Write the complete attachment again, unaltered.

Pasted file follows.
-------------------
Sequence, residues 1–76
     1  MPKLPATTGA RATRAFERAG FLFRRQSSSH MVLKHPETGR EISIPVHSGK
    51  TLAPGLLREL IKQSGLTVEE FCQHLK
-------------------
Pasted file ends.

Sequence, residues 1–76
     1  MPKLPATTGA RATRAFERAG FLFRRQSSSH MVLKHPETGR EISIPVHSGK
    51  TLAPGLLREL IKQSGLTVEE FCQHLK